Your child’s teeth – you want them to have that beautiful smile, but just the mere mention of the word orthodontist can send some people into a panic. That’s why Urban Suburban Mommy caught up with orthodontist Dr. Ana Urdaneta. We asked her the 10 questions we know you want to know. Her answers will give you courage, confidence and hope that your child’s smile is all under control:
1. At what age can you tell if a child will need orthodontic work?
It varies, depending on the case. Usually, once the first adult molars and anterior incisors (Central and Lateral Incisors on the diagram) come in, the child is considered in mixed dentition (baby and adult teeth at the same time). At that time we can evaluate and start projecting what type of malocclusion (imperfect positioning of the teeth when the jaws are closed), if any, the child will have.
2. When do you begin orthodontic work on a child?
Most times it’s better to wait until almost all of the adult teeth have erupted, but depending on the type of malocclusion, a child might need early intervention (as early as 6 years old). In these early cases we just try to modify the child’s growth pattern to guide teeth into proper development.
3. How can a family find a good orthodontist?
You should be able to trust your family dentist’s orthodontic recommendation. It’s always good to meet with someone that has been recommended and get a feel on their knowledge and treatment to decide if you’re comfortable.
4. Are bad teeth hereditary? For example if I wore braces, is it likely my children will?
Sometimes a malocclusion can be due to a genetic component, but there are other causes for bad teeth. Habits like thumb sucking and tongue thrust can lead to open and cross bites. Sometimes it’s just the way we’re born that we unfortunately get crowded teeth. In any case, it’s always good to have early check ups and start planning in advanced if treatment is going to be needed.
5. Are there any factors during childhood that lead to the need for orthodontic work?
As mentioned, habits like thumb sucking can cause malocclusions. If the affecting habits continue through the years that adult teeth start coming in (5-6 years), this could cause not only a dental malocclusion, but a skeletal growth modification as well.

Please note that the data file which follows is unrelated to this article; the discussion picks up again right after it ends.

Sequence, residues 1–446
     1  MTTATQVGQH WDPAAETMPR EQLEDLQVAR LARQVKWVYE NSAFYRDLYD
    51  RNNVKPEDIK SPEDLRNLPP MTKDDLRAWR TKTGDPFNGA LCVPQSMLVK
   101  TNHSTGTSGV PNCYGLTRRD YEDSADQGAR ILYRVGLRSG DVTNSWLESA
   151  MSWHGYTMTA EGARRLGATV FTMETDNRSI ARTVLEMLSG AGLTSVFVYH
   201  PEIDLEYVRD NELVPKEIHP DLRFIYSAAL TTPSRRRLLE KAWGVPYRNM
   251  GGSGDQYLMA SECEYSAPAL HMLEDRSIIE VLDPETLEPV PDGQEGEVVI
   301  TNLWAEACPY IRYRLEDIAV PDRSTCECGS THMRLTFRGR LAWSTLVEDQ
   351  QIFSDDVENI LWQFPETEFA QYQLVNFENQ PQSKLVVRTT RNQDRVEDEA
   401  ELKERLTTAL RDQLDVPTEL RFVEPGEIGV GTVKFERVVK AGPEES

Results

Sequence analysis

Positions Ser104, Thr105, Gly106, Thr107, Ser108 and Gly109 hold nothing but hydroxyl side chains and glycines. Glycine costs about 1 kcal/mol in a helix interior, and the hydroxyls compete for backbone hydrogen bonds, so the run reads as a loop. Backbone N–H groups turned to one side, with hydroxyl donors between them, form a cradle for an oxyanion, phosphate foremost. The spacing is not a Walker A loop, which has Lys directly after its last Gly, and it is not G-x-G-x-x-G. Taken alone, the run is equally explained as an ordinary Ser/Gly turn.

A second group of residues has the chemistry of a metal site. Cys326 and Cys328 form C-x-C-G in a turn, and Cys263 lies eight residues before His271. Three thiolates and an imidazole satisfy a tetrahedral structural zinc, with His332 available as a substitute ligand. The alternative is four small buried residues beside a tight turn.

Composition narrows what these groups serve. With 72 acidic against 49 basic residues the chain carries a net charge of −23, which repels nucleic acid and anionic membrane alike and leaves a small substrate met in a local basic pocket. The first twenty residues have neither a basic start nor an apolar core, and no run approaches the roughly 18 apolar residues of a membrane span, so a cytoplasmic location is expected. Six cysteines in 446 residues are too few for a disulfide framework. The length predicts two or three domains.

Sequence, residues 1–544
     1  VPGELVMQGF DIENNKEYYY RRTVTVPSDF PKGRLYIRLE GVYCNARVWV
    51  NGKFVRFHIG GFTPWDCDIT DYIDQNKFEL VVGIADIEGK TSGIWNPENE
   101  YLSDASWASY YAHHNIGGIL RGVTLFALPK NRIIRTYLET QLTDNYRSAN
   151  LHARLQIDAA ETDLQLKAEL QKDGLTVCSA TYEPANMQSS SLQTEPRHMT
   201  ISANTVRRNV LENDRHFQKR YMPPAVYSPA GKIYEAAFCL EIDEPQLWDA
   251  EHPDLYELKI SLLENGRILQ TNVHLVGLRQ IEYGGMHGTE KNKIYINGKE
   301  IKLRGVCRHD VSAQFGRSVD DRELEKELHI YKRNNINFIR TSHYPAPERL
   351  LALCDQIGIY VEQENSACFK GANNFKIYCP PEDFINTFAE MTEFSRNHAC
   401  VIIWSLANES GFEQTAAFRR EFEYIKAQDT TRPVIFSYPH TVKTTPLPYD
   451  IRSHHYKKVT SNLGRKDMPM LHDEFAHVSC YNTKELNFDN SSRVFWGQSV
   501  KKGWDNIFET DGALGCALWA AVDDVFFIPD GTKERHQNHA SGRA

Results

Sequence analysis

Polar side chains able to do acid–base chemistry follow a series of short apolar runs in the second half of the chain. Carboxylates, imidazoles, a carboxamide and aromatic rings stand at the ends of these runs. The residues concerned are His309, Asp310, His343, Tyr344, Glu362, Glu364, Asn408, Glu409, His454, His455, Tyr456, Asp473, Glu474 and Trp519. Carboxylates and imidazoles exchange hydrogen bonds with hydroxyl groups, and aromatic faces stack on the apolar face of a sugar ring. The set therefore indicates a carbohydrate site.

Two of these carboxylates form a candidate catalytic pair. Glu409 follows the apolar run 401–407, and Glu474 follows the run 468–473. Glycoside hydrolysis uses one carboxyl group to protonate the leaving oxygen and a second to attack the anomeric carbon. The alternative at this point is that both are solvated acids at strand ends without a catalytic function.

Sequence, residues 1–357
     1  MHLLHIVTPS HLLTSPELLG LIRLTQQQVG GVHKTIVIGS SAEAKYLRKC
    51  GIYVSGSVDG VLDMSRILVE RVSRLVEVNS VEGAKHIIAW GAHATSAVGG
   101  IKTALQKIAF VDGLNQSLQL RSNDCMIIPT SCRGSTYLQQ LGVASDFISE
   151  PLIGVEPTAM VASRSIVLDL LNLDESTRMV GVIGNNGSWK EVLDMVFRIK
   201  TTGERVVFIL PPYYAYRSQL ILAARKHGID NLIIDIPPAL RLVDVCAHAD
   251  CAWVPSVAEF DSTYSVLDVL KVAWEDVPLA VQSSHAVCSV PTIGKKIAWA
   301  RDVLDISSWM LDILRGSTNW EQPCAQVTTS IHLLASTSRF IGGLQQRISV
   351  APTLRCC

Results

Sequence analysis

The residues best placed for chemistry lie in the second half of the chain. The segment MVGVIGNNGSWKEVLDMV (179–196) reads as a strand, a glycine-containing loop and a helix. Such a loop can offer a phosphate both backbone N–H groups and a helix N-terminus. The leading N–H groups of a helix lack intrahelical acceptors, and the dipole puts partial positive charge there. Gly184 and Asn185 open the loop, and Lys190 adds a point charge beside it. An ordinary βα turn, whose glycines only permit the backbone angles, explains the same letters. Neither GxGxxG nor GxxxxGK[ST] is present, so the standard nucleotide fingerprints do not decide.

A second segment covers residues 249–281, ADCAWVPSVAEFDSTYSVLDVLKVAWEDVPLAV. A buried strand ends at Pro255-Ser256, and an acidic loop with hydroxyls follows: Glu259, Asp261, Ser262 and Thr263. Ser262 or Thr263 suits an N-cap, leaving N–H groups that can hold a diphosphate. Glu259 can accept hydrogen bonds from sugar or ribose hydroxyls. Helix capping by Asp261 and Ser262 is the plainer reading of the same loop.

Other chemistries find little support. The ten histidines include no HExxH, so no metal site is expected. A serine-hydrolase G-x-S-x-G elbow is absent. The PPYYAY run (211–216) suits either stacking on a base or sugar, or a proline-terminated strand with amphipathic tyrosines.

6. Why is orthodontic work expensive?
It’s not only that the materials used for a single orthodontic patient are very expensive, the hours of studying and practicing to become an orthodontist are a extensive. It’s a complex equation. Also consider that an orthodontic treatment spans over 18 to 28 months on average, and the fee is usually spread over that time frame on multiple visits.
7. What are the latest break throughs that you can share relating to orthodontics?
Everyday there are new appliances that make treatments more reliable and effective. I really like the things that Invisalign, are doing. It’s a great alternative for people who do not want to wear brackets, and it works just as well.
8. How do you reassure your patients that their braces or other devices will help in the long run?
I usually show them examples of other similar cases. Seeing is believing!
9. What is the hardest thing about being an orthodontist?
Beside all the years and money that it takes a dentist to become an orthodontist, I would have to say that the posture while working is one of the hardest things. Most orthodontists and dentists end up with some sort of back problem after a few years of practicing. We try our best following all the ergonomic alternatives that are out there, but it’s still hard.
10. What is the most rewarding thing about being an orthodontist?
To see that beautiful smile on your patient at the end of treatment, not only because they have perfectly aligned teeth, but most of all because they are so happy with the results!
Dr. Ana Urdaneta was born and raised in Caracas, Venezuela where she completed a Bachelor of Science and graduated from Dental School with Honours, Magna Cum Laude. She obtained a Masters of Science degree in Orthodontics at Intercontinental University in Mexico City in 2006, and was earned her specialty Certification in Orthodontics at the University of Toronto where she is a clinical instructor in the Department of Orthodontics. Working both at the University of Toronto and in private practice, she has learned the importance of understanding the patient’s needs and desires in order to achieve successful treatment.